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Finance is perceived as the driest and most boring industry on the face of the earth. So it’s no surprise that financial advisors whine about their failure to get anyone’s attention on social media. Yet this creates an amazing opportunity for the wise ones. Advisors who present themselves differently, even slightly, will succeed at getting noticed by their clients and prospects.
Here are the five things advisors should avoid to get investors to pay attention to them online.
- Boring titles
This is the #1 reason why social media fails in any industry.
Just like the subject line of emails dictates which ones you open and which ones you delete, the title of a blog or social media posting is what gets the click.
Here’s an example.
“How to choose a financial advisor” is tired and overused. Before you publish an article, do a Google search and see how many times people have written on the exact same thing. This title is also self-serving. I know that this article is just to point to all the reasons you should hire the author as your advisor.
A better option: “The Six Types of Financial Advisors and how to know which is right for you.” Now this gives more information and there aren’t as many articles on this because the author actually has to do research and leverage creativity.
Or, even better: “Five Mistakes that Affluent People Make When Hiring an Advisor.” Affluent people will read this if they are interested in learning about what their peers are doing. But again, it’s not that easy to write. You actually have to survey affluent people and find some evidence to back up what you are saying.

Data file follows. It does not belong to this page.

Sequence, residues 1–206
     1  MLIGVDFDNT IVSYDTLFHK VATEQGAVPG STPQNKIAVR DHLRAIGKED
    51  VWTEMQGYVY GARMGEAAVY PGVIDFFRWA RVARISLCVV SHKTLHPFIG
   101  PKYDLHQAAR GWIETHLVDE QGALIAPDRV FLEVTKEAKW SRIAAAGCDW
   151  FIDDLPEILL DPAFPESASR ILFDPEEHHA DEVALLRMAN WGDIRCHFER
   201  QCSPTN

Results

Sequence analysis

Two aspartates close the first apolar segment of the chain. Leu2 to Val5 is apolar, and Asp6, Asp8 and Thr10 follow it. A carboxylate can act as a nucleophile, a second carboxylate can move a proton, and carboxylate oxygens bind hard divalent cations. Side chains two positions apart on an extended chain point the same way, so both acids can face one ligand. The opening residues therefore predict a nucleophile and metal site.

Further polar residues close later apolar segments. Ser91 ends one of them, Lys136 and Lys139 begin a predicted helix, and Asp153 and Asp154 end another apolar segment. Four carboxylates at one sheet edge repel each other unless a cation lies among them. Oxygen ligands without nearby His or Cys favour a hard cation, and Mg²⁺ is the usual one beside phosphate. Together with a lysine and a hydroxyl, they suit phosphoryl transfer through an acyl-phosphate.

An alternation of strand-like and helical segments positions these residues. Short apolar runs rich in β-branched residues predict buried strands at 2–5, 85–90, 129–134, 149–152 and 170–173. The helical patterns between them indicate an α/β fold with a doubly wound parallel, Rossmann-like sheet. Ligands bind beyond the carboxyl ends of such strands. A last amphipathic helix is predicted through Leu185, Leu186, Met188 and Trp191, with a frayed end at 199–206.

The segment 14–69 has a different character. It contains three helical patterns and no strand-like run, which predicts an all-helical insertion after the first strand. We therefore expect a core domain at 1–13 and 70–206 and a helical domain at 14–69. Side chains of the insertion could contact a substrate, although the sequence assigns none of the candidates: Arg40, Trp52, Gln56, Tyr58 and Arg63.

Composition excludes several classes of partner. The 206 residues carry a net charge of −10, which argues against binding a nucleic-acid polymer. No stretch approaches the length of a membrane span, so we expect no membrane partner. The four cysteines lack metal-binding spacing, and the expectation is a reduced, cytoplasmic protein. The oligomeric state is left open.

Another possibility: “How To Make Sure Your Advisor Isn’t the Next Bernie Madoff”
- Irrelevant content
Many advisors feel that in order to show value they need to predict the market, pitch products, boost about past trades or discuss their firm.
In reality, this type of content should be avoided at all costs, especially if you are marketing to generations who are wary of product-pushing advisors who “don’t get them” such as the Millennials.
Plus, think about how it makes your poor compliance officer feel when you and the 100 other advisors in your office submit articles about how 2017 is the year to buy Facebook stock. You’ll never get that article through compliance because the CCO is too scared of losing his/her job if you’re wrong.
As I’ve said before in my other articles, you’ve got to serve the reader with the content you produce. Give them the gift of knowledge that truly empowers them and resolves an issue that they deal with regularly.
Another way of saying it is, “treat their symptoms, not their problems.” Here’s what I mean.
Going back to my previous example, most people don’t get grays hairs over the worry of how to select a financial advisor. But they do worry about the symptoms of not having the right one, namely:
- Not having phone calls responded to when you have an important question
- Not being a big enough client relative to the other clients in the practice to command enough attention
- Losing a great deal of money in a market crash
- Having money stolen
- Getting suckered into paying hidden fees
- Having your information stolen from the advisor’s office or file server because they didn’t have adequate protection in place
By Sara Grillo, read the full article here.